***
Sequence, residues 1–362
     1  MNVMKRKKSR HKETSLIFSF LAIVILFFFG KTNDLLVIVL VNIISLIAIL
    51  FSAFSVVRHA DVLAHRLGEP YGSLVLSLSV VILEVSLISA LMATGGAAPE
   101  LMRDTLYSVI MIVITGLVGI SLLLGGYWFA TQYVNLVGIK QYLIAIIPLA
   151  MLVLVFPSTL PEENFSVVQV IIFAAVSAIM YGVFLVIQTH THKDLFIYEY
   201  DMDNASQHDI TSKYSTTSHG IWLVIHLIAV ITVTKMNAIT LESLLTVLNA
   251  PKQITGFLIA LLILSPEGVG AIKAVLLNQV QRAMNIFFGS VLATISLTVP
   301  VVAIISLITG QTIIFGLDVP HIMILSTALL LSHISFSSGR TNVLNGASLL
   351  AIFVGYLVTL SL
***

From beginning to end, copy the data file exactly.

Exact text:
Sequence, residues 1–362
     1  MNVMKRKKSR HKETSLIFSF LAIVILFFFG KTNDLLVIVL VNIISLIAIL
    51  FSAFSVVRHA DVLAHRLGEP YGSLVLSLSV VILEVSLISA LMATGGAAPE
   101  LMRDTLYSVI MIVITGLVGI SLLLGGYWFA TQYVNLVGIK QYLIAIIPLA
   151  MLVLVFPSTL PEENFSVVQV IIFAAVSAIM YGVFLVIQTH THKDLFIYEY
   201  DMDNASQHDI TSKYSTTSHG IWLVIHLIAV ITVTKMNAIT LESLLTVLNA
   251  PKQITGFLIA LLILSPEGVG AIKAVLLNQV QRAMNIFFGS VLATISLTVP
   301  VVAIISLITG QTIIFGLDVP HIMILSTALL LSHISFSSGR TNVLNGASLL
   351  AIFVGYLVTL SL